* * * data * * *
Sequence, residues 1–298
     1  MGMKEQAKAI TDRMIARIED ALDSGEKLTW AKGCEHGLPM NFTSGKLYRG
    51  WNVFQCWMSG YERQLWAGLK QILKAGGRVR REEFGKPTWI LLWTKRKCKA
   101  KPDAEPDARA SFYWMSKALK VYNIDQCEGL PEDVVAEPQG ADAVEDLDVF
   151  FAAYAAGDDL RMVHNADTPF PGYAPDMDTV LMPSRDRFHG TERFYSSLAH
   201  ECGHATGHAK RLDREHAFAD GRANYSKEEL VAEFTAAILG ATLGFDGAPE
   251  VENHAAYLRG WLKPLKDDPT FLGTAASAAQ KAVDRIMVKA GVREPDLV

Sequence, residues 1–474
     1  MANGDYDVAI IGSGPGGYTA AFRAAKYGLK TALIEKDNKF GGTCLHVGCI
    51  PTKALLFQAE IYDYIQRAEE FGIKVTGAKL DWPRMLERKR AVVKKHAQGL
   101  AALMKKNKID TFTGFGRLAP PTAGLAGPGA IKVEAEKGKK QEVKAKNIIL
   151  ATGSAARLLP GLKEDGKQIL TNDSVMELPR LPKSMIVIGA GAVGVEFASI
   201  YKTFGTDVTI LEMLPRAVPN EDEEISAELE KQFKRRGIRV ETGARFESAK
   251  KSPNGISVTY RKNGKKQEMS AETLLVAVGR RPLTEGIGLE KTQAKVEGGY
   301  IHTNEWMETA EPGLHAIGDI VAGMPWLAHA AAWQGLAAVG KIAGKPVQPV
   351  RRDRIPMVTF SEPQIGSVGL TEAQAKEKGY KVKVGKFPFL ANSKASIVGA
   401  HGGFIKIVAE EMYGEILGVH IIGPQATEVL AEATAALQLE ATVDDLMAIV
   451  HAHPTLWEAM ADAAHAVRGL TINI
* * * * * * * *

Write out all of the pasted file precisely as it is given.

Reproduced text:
Sequence, residues 1–298
     1  MGMKEQAKAI TDRMIARIED ALDSGEKLTW AKGCEHGLPM NFTSGKLYRG
    51  WNVFQCWMSG YERQLWAGLK QILKAGGRVR REEFGKPTWI LLWTKRKCKA
   101  KPDAEPDARA SFYWMSKALK VYNIDQCEGL PEDVVAEPQG ADAVEDLDVF
   151  FAAYAAGDDL RMVHNADTPF PGYAPDMDTV LMPSRDRFHG TERFYSSLAH
   201  ECGHATGHAK RLDREHAFAD GRANYSKEEL VAEFTAAILG ATLGFDGAPE
   251  VENHAAYLRG WLKPLKDDPT FLGTAASAAQ KAVDRIMVKA GVREPDLV

Sequence, residues 1–474
     1  MANGDYDVAI IGSGPGGYTA AFRAAKYGLK TALIEKDNKF GGTCLHVGCI
    51  PTKALLFQAE IYDYIQRAEE FGIKVTGAKL DWPRMLERKR AVVKKHAQGL
   101  AALMKKNKID TFTGFGRLAP PTAGLAGPGA IKVEAEKGKK QEVKAKNIIL
   151  ATGSAARLLP GLKEDGKQIL TNDSVMELPR LPKSMIVIGA GAVGVEFASI
   201  YKTFGTDVTI LEMLPRAVPN EDEEISAELE KQFKRRGIRV ETGARFESAK
   251  KSPNGISVTY RKNGKKQEMS AETLLVAVGR RPLTEGIGLE KTQAKVEGGY
   301  IHTNEWMETA EPGLHAIGDI VAGMPWLAHA AAWQGLAAVG KIAGKPVQPV
   351  RRDRIPMVTF SEPQIGSVGL TEAQAKEKGY KVKVGKFPFL ANSKASIVGA
   401  HGGFIKIVAE EMYGEILGVH IIGPQATEVL AEATAALQLE ATVDDLMAIV
   451  HAHPTLWEAM ADAAHAVRGL TINI